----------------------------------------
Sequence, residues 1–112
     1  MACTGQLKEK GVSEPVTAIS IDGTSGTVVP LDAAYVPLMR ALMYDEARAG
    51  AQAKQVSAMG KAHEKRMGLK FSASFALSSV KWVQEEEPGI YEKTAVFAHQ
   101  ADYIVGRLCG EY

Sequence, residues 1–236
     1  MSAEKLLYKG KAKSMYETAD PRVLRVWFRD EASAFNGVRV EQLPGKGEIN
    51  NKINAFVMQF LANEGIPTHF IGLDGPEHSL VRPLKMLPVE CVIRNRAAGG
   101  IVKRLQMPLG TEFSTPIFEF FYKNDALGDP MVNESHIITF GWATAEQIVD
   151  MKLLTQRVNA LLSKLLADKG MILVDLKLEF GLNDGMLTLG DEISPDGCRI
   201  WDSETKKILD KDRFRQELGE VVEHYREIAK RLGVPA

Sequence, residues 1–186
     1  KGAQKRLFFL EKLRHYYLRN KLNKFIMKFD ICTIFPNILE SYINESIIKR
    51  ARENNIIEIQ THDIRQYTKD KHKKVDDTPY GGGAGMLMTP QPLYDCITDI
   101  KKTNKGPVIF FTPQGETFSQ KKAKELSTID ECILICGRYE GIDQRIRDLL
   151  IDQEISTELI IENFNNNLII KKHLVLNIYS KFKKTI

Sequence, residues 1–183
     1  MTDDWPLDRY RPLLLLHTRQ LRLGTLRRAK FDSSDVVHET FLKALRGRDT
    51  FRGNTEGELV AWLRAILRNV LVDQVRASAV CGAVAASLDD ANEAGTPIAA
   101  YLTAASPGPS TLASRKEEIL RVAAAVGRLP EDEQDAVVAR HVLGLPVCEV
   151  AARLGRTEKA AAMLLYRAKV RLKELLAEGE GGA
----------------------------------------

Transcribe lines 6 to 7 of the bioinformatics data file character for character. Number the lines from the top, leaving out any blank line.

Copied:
     1  MSAEKLLYKG KAKSMYETAD PRVLRVWFRD EASAFNGVRV EQLPGKGEIN
    51  NKINAFVMQF LANEGIPTHF IGLDGPEHSL VRPLKMLPVE CVIRNRAAGG